Passives in reporting

Reporting verbs such as tell and inform often occur in passive report structures. When they are used in the passive, the hearer of the original statement becomes the subject of the sentence in reported speech, e.g.

'There are no seats available.' = We were told/informed that there were no seats available.

Passive reporting verbs are often used when it is not important to identify the speaker of the original sentence, focusing on the hearer only, e.g.

He has been asked to give a talk.

In a similar way, reporting verbs such as say and believe are sometimes used in the passive in order to avoid specifying whose opinion or statement is being reported. This is a more formal use, with it as the subject and a that-clause, e.g.

It is said that smoking causes cancer.
It is believed that the two incidents are linked.

These structures are often used to express an opinion which is generally held. An alternative passive structure with a to-infinitive is therefore sometimes used to make the subject of the reported clause become the main topic of the sentence, e.g.

Smoking is said to cause cancer.
The two incidents are believed to be linked.

Reporting orders and requests

If someone says something which orders or requests someone to do something, this can be reported with verbs such as tell and ask, followed by an object and a to-infinitive, e.g.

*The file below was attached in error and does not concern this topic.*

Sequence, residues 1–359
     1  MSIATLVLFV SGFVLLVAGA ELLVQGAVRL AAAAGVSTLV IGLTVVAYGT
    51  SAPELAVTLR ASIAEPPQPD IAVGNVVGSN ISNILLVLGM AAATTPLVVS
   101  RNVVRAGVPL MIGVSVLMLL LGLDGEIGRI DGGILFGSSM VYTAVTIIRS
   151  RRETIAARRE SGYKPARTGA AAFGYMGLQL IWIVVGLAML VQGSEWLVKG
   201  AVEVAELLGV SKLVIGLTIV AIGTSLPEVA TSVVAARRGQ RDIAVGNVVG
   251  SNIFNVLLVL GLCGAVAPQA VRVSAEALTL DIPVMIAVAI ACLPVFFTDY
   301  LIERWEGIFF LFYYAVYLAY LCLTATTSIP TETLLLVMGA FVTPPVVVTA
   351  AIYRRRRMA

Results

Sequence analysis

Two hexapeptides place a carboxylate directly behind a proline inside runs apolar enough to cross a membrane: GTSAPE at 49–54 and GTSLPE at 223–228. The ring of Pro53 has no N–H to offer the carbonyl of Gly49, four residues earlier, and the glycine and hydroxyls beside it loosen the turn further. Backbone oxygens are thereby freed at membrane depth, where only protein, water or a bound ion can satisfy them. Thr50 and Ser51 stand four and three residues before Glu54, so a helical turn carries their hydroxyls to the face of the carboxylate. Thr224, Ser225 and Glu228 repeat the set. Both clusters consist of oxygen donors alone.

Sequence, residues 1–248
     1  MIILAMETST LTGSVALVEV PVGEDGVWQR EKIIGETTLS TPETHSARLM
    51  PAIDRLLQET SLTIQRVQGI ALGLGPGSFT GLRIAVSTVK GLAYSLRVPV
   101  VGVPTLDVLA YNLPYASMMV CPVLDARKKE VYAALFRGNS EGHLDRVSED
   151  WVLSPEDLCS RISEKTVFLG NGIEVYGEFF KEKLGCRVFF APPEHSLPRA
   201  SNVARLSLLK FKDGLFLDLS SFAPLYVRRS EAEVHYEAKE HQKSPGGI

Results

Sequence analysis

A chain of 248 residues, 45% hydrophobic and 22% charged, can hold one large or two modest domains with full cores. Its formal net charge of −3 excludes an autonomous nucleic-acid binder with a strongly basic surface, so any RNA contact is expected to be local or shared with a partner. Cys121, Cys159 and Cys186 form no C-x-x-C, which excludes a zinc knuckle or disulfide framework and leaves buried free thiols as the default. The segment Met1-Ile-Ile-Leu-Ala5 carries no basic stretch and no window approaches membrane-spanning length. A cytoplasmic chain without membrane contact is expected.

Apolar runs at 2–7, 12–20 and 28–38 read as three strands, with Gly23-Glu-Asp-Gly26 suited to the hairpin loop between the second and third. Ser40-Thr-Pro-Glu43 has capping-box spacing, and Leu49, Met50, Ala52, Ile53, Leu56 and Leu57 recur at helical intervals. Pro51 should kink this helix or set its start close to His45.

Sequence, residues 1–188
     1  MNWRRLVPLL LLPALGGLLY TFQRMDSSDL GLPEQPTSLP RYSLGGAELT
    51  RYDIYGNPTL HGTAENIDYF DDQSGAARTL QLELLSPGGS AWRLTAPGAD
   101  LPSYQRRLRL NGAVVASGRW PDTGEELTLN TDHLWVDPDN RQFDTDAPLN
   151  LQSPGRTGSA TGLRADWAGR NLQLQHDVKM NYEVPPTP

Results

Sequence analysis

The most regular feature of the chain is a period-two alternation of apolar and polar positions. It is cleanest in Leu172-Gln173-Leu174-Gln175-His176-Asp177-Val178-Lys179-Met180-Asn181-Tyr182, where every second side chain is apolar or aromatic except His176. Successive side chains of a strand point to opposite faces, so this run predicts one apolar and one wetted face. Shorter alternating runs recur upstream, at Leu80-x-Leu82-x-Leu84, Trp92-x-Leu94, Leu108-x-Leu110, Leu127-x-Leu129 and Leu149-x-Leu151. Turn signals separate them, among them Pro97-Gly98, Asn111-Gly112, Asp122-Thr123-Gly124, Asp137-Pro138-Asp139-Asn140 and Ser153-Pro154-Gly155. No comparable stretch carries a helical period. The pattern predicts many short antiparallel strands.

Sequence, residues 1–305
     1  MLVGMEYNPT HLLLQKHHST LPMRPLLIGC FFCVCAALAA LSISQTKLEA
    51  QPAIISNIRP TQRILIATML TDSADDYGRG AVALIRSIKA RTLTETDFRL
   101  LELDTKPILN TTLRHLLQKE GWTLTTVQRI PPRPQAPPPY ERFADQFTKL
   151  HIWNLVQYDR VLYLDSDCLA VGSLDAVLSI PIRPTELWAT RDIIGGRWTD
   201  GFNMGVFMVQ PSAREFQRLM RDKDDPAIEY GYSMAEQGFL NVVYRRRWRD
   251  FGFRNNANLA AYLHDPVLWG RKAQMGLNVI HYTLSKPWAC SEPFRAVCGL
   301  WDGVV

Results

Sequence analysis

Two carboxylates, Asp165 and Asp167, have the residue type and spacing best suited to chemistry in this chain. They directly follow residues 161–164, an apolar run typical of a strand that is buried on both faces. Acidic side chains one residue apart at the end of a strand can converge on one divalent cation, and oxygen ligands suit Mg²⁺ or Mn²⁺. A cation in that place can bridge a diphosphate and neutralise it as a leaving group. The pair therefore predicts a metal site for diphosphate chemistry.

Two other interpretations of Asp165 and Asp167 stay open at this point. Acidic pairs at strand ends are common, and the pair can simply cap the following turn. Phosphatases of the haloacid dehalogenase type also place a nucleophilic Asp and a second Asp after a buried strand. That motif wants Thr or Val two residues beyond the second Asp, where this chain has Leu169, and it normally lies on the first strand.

'Please sit down.' = She told us to sit down.
'Pass me the salt, would you?' = He asked me to pass him the salt.

Other verbs that occur in this pattern include order, command, forbid, instruct, beg and urge, e.g.

'Please don’t leave me!' = She begged him not to leave her.

Some of these reporting verbs are often used in the passive, with the original hearer (the object of the reporting clause in the examples above) becoming the subject of the reporting clause, e.g.

'You must not leave the room.' = He was forbidden to leave the room.
'Sit down everyone.' = We were instructed to sit down.

When reporting a direct order, it is also possible to use verbs such as must or have to in the reported clause, e.g.

'Sit down!' = She told us (that) we had to sit down.

The reporting verb ask can be used with or without an object before the to-infinitive clause, but note the difference in meaning, e.g.

He asked to leave early. = He wanted to leave early

He asked him to leave early. = He wanted someone else to leave early